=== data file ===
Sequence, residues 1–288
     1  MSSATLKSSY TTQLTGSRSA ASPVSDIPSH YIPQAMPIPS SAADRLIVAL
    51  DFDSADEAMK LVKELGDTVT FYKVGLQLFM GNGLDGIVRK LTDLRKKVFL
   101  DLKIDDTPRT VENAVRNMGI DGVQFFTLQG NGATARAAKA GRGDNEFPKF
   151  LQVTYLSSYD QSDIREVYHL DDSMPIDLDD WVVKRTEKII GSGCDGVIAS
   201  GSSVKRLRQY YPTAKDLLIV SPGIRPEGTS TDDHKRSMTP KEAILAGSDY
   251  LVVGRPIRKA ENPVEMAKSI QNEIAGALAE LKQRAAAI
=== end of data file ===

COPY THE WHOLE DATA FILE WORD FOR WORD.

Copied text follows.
Sequence, residues 1–288
     1  MSSATLKSSY TTQLTGSRSA ASPVSDIPSH YIPQAMPIPS SAADRLIVAL
    51  DFDSADEAMK LVKELGDTVT FYKVGLQLFM GNGLDGIVRK LTDLRKKVFL
   101  DLKIDDTPRT VENAVRNMGI DGVQFFTLQG NGATARAAKA GRGDNEFPKF
   151  LQVTYLSSYD QSDIREVYHL DDSMPIDLDD WVVKRTEKII GSGCDGVIAS
   201  GSSVKRLRQY YPTAKDLLIV SPGIRPEGTS TDDHKRSMTP KEAILAGSDY
   251  LVVGRPIRKA ENPVEMAKSI QNEIAGALAE LKQRAAAI